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comparative politics

AOPSSS #33 “Subnational Ruling Party Institutionalization and Its Mitigation Effects on Corruption: A Case Study of China”

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In the thirty-third AOPSSS session, Kasey Rhee (Dartmouth) presented her new paper with me and Yusaku Horiuchi (Dartmouth)  where she finds that diplomatic acts of goodwill by Russia do influence American foreign policy preferences, and decrease support for hostile measures against the country. Matthew A. Baum (Harvard), Timothy B. Gravelle (Survey Monkey), and Kelly Matush (Florida State) offered a range of really detailed comments. We’re very grateful for their careful read of our manuscript.

If you have any questions or comments for us, please add them below!

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comparative politics

AOPSSS #32 “Preferences for Government Concessions amid Protests: A Conjoint Experiment with Causal Interactions in Hong Kong”

In the thirty-second AOPSSS session, Hans H. Tung (National Taiwan University) presented his new paper with Ming-Jen Lin (National Taiwan University) that empirically tests at a micro-level Acemoglu and Robinson’s (2006) commitment problem thesis by conducting a conjoint experiment with causal interactions on protesters in Hong Kong’s recent anti-extradition movements. Milan Svolik (Yale), David Yang (Harvard), and Noam Yuchtman (LSE) offered a range of thoughtful theoretical comments. Looking forward to seeing the next version of the paper!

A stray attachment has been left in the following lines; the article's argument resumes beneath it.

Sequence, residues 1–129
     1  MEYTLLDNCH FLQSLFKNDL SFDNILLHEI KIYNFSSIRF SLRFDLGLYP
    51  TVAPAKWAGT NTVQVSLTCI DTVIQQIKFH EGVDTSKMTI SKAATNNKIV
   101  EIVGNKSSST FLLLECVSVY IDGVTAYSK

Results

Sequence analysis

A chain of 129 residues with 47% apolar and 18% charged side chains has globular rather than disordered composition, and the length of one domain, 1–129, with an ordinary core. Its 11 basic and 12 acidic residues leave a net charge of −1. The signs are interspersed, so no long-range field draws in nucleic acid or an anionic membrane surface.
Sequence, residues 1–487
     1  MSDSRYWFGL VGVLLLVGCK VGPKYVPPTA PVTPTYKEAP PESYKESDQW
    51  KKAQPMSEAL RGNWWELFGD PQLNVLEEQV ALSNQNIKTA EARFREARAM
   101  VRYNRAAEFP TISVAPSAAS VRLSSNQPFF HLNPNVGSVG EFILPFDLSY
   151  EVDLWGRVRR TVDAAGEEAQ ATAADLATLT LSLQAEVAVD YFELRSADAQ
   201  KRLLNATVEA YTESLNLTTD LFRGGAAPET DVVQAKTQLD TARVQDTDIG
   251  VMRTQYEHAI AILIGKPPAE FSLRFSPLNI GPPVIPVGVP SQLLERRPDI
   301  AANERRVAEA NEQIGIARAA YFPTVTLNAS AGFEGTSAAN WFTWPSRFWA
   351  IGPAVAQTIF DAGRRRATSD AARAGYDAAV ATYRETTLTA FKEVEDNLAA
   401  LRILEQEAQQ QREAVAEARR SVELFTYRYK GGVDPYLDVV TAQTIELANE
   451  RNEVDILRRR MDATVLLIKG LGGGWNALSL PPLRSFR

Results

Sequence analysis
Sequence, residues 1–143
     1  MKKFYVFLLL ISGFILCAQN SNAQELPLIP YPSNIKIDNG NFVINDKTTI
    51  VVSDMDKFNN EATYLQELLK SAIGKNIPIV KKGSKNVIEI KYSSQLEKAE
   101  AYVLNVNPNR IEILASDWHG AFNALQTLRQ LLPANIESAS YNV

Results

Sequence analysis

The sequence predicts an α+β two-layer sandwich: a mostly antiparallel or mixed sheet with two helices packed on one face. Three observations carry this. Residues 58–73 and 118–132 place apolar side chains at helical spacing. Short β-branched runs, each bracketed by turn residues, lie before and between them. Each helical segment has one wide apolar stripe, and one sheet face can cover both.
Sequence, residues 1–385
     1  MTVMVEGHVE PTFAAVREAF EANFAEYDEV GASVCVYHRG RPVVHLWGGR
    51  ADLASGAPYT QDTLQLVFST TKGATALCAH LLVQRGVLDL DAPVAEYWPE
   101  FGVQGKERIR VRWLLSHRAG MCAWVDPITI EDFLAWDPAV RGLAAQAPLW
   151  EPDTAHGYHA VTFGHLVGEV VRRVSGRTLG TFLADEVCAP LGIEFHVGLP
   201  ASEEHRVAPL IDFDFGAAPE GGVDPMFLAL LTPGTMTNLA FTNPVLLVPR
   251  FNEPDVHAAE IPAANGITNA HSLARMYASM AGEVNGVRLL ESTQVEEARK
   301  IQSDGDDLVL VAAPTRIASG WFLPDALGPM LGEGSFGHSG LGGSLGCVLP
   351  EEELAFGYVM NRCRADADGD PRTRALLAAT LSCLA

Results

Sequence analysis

If you have any questions or comments for the authors, please add them below!

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comparative politics

AOPSSS #31 “Bounded Culture? The Concept of Culture and Its Relation to the Nation State”

In the thirty-first AOPSSS session, Plamen Akaliyski (Keio University) presented his new paper with Michael Harris Bond (Hong Kong Polytechnic University) and Christian Welzel (Leuphana University)  that explains the emergence of nation states as cultures. John Berry (Queen’s) and Adam Komisarof (Keio University) provided a range of thoughtful conceptual comments. Looking forward to seeing the next version of the paper!

If you have any questions or comments for the authors, please add them below!

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comparative politics

AOPSSS #30 “Figurines and Doyennes: The Selection of Female Ministers in Autocracies and Democracies”

In the thirtieth AOPSSS session, Hikaru Yamagishi (Yale) presented her new paper with Stuart Bramwell (Oxford) and  Jacob Nyrup (Oxford) that shows how democracy promotes women’s access into the highest echelons of power. We were all lucky to hear Karen Beckwith (Case Western), Susan Franceschet (Calgary), Malliga Och (Idaho State), and Sona Golder (Penn State) offer incisive comments about the paper. The public audience also offered a ton of helpful remarks. Looking forward to seeing the next version of the paper!

If you have any questions or comments for the authors, please add them below!

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comparative politics

AOPSSS #29 “Tactical Choices of Moderate Violence and the Escalation of Nonviolent Movements”

In the twenty-ninth AOPSSS session, Pui Fung Law (HKUST) and Myunghee Lee (University of Missouri) presented their new paper on why protesters embrace violent tactics. Minh Trinh (MIT) provided really incisive comments about the paper and the audience offered a ton of helpful remarks. Looking forward to seeing the next version of the paper!

If you have any questions or comments for the authors, please add them below!